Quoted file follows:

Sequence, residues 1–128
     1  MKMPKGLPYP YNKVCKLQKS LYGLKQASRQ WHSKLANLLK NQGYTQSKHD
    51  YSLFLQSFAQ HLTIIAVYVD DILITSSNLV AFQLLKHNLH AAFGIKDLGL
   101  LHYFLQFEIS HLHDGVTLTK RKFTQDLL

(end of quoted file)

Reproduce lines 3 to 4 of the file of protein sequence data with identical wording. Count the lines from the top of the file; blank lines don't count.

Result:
    51  YSLFLQSFAQ HLTIIAVYVD DILITSSNLV AFQLLKHNLH AAFGIKDLGL
   101  LHYFLQFEIS HLHDGVTLTK RKFTQDLL